Most pet owners are unaware that scratching, licking, biting, and chewing are tell-tale signs of an underlying skin problem. While there are numerous different skin diseases that can affect pets, managing skin problems is possible.

Skin disease or irritation can cause distress. To relieve that suffering, we offer dermatological testing and treatment that can help your pet live comfortably. In trying to diagnose and treat skin disorders, your role as a pet owner is essential. Discovering what causes flare-ups and irritation will primarily be your job. Pay attention to your pet’s reaction after eating, playing outside, and interacting with other animals. During your appointment, the veterinarian will discuss your observations to determine a series of laboratory tests that will help diagnose or treat your pet’s skin issues.

Common dermatological issues for pets:

  • Chronic ear disease
  • Disease of the foot 
  • Ear infections
  • Flea allergy dermatitis(not as common in the Intermountain West)
  • Hair loss
  • Hormone disorders
  • Parasitic, bacterial, or fungal infections
  • Skin allergies caused by environment, food, or contact
  • Skin cancer
  • Autoimmune disorders

What does treatment involve?

Our veterinarian will work with you and your pet to determine a treatment plan that is manageable. Trying to find the best method of therapy is an ongoing process that may take several attempts in order to discover an effective treatment.

To help with diagnosis, we may perform the following tests to supplement our initial prognosis of your pet’s condition:

Skin scraping - This aids in helping the veterinarian determine if your pet has any external parasites such as mites that are causing itchiness or other skin wounds. They around the edges of a skin lesion and place the scrapings on a slide to be viewed under the microscope. 

Food Trial - Food trials using a prescription diet are sometimes used to determine if your pet's itchiness is due to food allergies. While fairly uncommon compared to environmental sensitivities, your veterinarian may want to try a food trial if your pet's signs are more indicative of a food allergy.  

Otoscopy – Otoscopy is used to diagnose and treat chronic ear infections and diseases. An otoscope is inserted deep into the ear canal to identify any abnormalities, tumors, or foreign bodies that might exist. If immediate treatment is needed, tools can be used to flush waxy build-up, or remove foreign objects. Our clinic does have a video otoscope that helps to visualize the ear canal better than a traditional otoscope and allows for retrieval of foreign objects such as grass seeds.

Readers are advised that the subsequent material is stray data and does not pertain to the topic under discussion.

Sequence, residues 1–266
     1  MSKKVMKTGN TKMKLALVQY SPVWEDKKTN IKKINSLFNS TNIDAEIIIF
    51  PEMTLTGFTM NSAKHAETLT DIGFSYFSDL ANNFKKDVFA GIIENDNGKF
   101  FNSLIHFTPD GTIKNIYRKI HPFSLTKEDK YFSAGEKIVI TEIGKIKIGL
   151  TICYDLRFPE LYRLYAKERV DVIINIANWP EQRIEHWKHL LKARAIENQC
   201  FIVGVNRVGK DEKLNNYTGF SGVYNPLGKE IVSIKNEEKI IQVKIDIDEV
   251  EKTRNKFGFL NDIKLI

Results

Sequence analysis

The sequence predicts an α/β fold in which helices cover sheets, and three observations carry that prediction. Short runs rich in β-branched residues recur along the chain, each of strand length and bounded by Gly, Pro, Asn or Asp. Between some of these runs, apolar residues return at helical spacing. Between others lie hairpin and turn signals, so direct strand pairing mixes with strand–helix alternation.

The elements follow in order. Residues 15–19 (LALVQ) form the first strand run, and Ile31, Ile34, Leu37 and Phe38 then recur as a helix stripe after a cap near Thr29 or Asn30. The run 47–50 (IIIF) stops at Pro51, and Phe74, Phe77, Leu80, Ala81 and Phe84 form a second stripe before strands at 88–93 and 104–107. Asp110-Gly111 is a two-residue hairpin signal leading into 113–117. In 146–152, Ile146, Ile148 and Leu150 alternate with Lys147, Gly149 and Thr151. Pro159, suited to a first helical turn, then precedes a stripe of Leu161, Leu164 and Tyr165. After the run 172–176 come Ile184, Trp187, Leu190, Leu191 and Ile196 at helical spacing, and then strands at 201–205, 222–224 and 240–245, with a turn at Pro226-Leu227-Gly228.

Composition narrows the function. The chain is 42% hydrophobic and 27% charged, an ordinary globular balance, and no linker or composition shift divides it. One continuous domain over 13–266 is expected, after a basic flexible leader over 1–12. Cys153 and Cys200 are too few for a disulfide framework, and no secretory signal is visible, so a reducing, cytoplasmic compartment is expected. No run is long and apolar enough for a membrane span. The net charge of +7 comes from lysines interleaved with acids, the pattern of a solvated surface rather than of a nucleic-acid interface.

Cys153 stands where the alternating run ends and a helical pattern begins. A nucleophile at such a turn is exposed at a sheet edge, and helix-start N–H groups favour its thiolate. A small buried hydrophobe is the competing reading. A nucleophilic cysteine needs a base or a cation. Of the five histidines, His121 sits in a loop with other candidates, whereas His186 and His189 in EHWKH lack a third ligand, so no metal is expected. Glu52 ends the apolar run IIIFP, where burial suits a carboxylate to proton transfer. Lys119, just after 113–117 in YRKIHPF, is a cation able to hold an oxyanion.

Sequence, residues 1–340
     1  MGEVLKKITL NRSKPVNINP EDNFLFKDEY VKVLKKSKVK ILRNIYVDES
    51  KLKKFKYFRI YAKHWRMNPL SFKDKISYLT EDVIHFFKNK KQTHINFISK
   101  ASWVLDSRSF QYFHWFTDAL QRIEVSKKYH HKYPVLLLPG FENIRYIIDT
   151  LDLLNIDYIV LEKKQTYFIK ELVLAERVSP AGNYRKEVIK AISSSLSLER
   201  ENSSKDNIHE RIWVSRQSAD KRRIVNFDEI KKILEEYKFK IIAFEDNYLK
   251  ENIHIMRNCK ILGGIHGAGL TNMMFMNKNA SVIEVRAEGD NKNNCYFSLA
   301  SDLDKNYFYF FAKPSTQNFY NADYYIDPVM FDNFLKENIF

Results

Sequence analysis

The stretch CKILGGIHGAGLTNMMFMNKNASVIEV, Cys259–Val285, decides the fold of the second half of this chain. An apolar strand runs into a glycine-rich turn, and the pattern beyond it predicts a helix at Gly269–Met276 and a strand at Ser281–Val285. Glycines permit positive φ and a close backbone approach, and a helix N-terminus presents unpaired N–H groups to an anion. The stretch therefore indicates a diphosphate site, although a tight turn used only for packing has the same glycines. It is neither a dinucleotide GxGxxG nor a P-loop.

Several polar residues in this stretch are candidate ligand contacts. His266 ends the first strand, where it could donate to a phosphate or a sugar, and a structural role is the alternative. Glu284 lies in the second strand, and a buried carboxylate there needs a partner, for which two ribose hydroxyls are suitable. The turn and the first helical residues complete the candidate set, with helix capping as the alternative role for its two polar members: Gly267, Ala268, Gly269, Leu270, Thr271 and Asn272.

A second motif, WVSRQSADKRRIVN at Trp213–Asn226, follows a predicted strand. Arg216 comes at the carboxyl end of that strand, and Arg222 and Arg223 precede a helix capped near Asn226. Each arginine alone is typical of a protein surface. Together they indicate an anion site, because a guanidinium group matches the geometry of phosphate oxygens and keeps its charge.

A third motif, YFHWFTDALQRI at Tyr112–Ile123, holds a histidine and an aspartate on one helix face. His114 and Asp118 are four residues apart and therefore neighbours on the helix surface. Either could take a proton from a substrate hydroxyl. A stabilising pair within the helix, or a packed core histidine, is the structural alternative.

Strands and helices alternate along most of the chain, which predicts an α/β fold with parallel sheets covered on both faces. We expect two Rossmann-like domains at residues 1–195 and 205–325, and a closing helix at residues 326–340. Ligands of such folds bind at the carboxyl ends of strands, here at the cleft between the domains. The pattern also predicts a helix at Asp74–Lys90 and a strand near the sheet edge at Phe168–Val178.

Biopsies – A biopsy is often performed to diagnose various skin cancers and autoimmune skin disorders. A biopsy is executed by removing the affected skin or tumor, processing it, and examining the sample under a microscope. By enlarging the area, the veterinarian can usually determine the underlying issue.

Intradermal Allergy Testing – The intention of performing intradermal allergy testing is to discover exactly which allergens your pet reacts to. This test is not performed at our clinic, but can be performed at a dermatology referral center. To perform the test, a patch of hair is shaved, and a grid is drawn on the skin. Common pet allergens are injected into separate squares on the grid. The dermatologist then examines the grid after a waiting period of 20 minutes. All swollen, red injection-sites indicate a positive allergen.

Skin Cultures – If your pet exhibits a skin disorder that is resistant to all previously tested forms of treatment, a skin culture is typically used to test numerous treatments at one time. This will help determine a successful treatment to heal the affected skin without continually unsettling your pet.

Blood Tests - In some instances, your veterinarian may ask to perform blood tests to look for hormone imbalances that can cause skin and hair abnormalities. 

If you have any questions about pet dermatology or think your pet might have a skin condition, contact our office today.